Beware of the Most Aggressive Stinging Insects!

Monday, August 26, 2013

Yellowjackets, killer bees and wasps

 

Aggressive Stinging InsectsThe fear of a bee, yellowjacket or wasp sting drives many people to run away screaming, arms flailing about (a motion that is likely to further incite the insect rather than shoo them away) at the first sight of one of these insects. That fear is not without merit as these insects, while ecologically important, typically send more than half-a-million people to emergency rooms each year. However, understanding what makes these more aggressive insects tick and how best to deal with the threat when it occurs can go a long way in ensuring people and pets stay safe while enjoying the outdoors.

Africanized “Killer” Bees

Earlier this summer, several reports of thousand-bee swarms attacking people and animals made national news, often sounding more like scripts for horror films rather than real life. Unfortunately, while rare, attacks by aggressive species of stinging insects happen and when they do they can easily have deadly results. Take the case of a 62-year-old Texas man who died after being attacked by 40,000 Africanized honeybees when he accidentally disturbed their hive with his tractor.

This bee species, which resembles its European honeybee cousin, has a much more aggressive nature. Although their venom is no stronger than that of the regular honeybee, the danger comes from the fact that “killer” bees attack in much larger numbers, usually the entire colony. In addition, “killer” bees will pursue their victim for up to 328 feet compared to only 33 feet for honeybees. Because their colonies are smaller, Africanized honey bees will nest in more unusual places than their European counterpart, such as water meter boxes, tree limbs, utility poles, junk piles, holes in the ground, even mail boxes, old tires, overturned flower pots – all spots susceptible for an accidental encounter with a human or an animal. Africanized honeybees can be found in southern California, southern Nevada, Arizona, New Mexico, Texas, Oklahoma, western Louisiana, southern Arkansas, and central and southern Florida.

Because of the aggressive nature of these pests, only a pest control professional or beekeeper should address an Africanized killer bee infestation. Anyone attacked by Africanized honeybees should run quickly in a zig zag pattern and seek shelter in a nearby house or car. Jumping in a body of water is not advisable, as the bees will wait above water for the person to emerge.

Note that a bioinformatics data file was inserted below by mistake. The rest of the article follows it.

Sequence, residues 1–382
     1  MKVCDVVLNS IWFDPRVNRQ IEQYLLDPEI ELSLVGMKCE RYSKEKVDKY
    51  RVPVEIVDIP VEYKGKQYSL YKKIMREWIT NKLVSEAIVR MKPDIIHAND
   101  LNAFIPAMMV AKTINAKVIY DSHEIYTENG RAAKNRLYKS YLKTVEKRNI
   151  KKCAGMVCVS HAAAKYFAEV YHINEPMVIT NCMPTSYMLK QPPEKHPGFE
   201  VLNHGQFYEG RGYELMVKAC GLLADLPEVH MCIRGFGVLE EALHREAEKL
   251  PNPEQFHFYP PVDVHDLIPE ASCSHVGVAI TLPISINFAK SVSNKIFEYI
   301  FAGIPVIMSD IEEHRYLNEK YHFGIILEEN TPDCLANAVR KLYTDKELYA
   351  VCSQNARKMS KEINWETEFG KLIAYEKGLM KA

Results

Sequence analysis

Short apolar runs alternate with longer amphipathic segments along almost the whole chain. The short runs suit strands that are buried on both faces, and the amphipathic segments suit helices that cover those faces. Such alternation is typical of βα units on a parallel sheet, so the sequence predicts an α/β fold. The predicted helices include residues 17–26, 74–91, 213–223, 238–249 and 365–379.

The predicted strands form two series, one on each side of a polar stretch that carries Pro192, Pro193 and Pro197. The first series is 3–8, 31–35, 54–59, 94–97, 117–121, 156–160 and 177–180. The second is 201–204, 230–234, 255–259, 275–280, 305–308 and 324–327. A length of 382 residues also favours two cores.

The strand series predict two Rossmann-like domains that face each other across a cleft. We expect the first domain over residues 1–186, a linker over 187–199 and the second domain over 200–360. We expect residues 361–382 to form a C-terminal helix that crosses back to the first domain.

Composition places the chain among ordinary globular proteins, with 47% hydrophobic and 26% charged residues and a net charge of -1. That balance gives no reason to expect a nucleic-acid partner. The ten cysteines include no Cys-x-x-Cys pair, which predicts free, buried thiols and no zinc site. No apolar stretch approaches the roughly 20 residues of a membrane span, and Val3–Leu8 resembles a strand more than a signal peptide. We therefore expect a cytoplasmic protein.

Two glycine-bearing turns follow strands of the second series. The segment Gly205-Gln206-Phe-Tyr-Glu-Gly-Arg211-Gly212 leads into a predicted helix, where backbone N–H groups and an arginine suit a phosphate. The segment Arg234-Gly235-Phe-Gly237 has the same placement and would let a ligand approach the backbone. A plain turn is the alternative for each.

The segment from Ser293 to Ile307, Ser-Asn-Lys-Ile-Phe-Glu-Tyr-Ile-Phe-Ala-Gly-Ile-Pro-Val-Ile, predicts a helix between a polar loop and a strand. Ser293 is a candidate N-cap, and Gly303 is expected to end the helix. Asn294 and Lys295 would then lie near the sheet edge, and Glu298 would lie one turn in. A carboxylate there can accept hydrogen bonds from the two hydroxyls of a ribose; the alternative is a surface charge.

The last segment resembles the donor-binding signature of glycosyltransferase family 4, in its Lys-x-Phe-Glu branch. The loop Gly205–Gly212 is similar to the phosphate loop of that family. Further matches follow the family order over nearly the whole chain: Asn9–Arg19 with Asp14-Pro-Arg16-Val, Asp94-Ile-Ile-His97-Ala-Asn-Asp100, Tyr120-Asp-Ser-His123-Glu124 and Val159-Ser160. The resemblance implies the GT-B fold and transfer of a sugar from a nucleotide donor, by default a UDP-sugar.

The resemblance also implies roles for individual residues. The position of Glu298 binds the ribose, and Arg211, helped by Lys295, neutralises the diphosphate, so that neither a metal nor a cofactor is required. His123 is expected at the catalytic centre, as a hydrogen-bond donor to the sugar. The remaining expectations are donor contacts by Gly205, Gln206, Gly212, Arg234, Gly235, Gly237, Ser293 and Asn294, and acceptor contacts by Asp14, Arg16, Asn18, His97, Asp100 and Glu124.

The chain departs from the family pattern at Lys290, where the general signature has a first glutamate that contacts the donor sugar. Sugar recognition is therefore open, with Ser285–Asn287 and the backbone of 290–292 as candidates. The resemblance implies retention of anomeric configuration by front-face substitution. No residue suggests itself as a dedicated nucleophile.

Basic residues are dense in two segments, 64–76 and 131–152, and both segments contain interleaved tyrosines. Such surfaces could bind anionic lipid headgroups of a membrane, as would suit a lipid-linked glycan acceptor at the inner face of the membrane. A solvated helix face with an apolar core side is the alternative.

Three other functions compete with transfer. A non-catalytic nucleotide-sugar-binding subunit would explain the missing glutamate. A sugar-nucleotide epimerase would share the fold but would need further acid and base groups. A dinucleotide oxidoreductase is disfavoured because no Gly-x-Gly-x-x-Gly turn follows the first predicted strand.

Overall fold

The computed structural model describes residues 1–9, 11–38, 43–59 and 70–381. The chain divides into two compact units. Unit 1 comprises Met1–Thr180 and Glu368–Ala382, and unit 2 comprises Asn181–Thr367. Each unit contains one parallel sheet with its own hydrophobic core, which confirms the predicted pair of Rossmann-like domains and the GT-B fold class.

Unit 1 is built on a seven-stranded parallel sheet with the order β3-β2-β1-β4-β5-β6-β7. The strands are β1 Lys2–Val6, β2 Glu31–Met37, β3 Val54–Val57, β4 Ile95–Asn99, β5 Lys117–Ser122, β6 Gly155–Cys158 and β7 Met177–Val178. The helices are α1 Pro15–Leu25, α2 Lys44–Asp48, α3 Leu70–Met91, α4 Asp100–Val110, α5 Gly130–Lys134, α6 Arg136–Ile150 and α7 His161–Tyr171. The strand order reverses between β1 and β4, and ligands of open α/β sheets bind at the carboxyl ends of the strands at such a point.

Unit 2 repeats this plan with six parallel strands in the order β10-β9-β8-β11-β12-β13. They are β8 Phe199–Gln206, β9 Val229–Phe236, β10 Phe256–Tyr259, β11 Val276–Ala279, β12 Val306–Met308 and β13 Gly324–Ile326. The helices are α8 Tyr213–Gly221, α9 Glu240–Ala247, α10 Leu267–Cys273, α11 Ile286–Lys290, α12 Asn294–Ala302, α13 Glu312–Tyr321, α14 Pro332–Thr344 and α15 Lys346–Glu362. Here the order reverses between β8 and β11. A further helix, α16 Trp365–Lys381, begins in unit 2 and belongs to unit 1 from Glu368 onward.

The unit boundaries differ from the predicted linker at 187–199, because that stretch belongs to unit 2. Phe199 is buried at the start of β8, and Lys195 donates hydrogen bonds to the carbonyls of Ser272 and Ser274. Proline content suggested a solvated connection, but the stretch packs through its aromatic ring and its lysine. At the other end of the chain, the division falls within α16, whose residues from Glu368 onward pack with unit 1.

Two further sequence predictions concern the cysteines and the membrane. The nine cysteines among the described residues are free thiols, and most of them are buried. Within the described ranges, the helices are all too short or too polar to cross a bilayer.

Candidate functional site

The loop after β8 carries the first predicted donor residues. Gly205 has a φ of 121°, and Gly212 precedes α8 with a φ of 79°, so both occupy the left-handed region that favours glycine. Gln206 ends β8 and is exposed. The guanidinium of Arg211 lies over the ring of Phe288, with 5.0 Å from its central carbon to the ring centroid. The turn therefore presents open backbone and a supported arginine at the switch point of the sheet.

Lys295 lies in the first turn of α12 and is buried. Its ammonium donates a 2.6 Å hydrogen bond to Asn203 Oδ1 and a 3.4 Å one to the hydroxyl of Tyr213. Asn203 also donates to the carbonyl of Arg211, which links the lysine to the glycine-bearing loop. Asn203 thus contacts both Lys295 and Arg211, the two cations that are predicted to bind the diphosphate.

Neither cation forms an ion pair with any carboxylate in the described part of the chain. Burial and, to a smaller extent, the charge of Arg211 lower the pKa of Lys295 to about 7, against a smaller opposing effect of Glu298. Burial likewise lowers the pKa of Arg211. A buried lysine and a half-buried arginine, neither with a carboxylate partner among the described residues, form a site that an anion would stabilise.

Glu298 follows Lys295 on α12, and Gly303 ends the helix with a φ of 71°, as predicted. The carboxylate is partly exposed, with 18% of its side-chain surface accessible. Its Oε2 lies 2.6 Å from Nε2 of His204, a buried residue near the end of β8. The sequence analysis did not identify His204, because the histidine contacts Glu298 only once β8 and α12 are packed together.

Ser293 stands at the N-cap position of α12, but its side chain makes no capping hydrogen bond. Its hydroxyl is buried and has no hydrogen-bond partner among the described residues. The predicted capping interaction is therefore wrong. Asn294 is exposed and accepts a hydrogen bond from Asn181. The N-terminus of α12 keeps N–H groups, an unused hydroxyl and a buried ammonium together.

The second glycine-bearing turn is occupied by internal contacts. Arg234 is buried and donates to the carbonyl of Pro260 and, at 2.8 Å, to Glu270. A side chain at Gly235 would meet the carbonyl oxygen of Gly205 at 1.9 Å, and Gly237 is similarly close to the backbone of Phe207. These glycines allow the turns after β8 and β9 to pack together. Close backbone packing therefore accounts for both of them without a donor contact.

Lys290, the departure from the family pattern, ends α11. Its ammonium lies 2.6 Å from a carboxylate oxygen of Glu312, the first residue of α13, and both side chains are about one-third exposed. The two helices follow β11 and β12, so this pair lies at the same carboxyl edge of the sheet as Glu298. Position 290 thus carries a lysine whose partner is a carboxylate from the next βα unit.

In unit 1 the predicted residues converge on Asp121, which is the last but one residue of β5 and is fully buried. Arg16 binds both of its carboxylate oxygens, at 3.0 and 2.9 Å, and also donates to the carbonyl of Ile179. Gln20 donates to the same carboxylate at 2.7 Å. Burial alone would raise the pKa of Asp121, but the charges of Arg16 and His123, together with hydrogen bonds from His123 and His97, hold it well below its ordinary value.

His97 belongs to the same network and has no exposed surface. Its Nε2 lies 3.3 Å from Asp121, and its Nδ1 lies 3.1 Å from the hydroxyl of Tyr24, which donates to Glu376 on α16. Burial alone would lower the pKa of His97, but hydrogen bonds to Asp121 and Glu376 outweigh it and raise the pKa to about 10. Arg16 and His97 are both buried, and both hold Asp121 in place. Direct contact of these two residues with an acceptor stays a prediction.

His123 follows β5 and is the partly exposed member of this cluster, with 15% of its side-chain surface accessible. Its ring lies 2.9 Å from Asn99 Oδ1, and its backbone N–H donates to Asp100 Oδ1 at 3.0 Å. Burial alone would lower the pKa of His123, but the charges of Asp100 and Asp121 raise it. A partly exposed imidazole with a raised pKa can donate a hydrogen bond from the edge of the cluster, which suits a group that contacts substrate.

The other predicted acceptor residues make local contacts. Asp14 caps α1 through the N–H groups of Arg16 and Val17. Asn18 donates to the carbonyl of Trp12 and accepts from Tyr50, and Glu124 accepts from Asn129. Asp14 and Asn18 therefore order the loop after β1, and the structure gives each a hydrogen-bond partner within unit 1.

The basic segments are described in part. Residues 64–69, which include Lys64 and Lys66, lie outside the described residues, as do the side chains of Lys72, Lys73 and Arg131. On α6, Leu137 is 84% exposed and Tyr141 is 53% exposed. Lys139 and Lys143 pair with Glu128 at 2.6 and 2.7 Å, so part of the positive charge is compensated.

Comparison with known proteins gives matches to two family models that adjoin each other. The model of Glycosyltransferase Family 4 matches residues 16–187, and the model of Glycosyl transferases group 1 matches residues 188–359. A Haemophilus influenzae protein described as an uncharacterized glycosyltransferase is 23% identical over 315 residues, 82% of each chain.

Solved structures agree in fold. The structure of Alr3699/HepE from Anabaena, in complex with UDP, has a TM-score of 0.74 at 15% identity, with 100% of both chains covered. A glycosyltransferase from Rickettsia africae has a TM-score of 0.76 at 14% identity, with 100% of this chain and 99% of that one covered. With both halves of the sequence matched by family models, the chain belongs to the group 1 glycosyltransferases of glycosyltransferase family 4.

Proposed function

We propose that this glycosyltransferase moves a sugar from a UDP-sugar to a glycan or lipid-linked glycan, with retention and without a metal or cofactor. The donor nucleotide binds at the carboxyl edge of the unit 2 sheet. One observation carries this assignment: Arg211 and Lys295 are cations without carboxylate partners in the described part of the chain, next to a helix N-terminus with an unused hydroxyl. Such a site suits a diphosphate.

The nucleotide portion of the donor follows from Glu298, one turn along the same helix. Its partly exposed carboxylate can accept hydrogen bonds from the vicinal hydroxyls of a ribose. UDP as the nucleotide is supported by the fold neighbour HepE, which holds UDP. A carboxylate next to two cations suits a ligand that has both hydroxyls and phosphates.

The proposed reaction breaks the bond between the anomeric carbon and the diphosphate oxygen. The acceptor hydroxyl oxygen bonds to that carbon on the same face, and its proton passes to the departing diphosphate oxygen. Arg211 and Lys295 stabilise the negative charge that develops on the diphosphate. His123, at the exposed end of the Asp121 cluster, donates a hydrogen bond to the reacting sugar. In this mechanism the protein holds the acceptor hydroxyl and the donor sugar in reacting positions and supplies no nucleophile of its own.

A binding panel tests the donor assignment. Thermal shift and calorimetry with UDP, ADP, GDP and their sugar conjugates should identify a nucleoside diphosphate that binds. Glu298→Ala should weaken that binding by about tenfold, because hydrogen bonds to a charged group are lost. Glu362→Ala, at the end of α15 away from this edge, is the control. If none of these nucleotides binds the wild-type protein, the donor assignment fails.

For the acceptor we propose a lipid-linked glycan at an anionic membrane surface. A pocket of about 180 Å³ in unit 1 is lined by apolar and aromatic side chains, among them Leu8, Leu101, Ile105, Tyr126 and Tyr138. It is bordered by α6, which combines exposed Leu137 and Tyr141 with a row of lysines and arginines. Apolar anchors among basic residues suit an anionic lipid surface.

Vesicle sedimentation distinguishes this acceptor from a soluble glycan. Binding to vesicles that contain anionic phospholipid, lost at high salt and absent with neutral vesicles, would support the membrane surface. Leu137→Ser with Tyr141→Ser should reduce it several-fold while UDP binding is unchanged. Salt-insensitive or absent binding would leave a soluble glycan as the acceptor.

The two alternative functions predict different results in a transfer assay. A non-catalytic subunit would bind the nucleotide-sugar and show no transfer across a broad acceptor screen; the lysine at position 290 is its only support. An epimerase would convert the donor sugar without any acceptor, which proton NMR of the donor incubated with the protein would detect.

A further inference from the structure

Yellowjackets

Yellowjackets are social insects and live in nests or colonies containing anywhere from 300 to 120,000 cells, each containing 1,000 to 4,000 workers at the peak of the reproductive season. These insects tend to build nests on trees and buildings, as well as in the ground. Unlike Africanized honeybees, yellowjackets are slow to sting unless their nest is threatened, in which case they become very aggressive. Unlike bees, yellowjackets are capable of stinging several times, inflicting severe pain. In some cases, people who have been bitten by yellowjackets can become hypersensitive to such stings, which means that any future encounters can be life threatening.

There are about 16 species of yellowjackets in the United States, of which the most common one, the Vespula vulgaris (Linnaeus), is found in nearly every state. Because these insects are attracted to sweets and proteins, it is important to take steps to cover food during an outdoor event and to clean up and properly dispose of food and garbage after a BBQ. Just as with other stinging insects, removal of nests should be left up to professionals who have proper equipment and experience to safely dispose of a nest.

Paper Wasps

Paper wasps get their common name from the paper-like material that they use to make their nests, and are sometimes called umbrella wasps because of the shape of their distinctive nests. These insects build their nests on twigs and branches of trees and shrubs as well as porch ceilings, soffits, eaves, attic rafters and similar covered places – all of which can put humans at risk of accidentally contacting the nest and inciting a wasp attack. Like yellowjackets, wasps can and do sting more than once. It’s also important to note that these insects often call for back up using alarm pheromones to help them defend the nest.

Before trimming shrubs or hedges, or picking fruit, check the plant for paper wasp nests. Treat wood fences and deck railings with a repellent oil to deter paper wasps from gathering cellulose from the wood. If you suspect you have a paper wasp infestation or find a nest on your home or property, contact a licensed pest management professional to find out about wasp treatment. Do not attempt to remove a nest on your own, as there is a high probability you will get stung.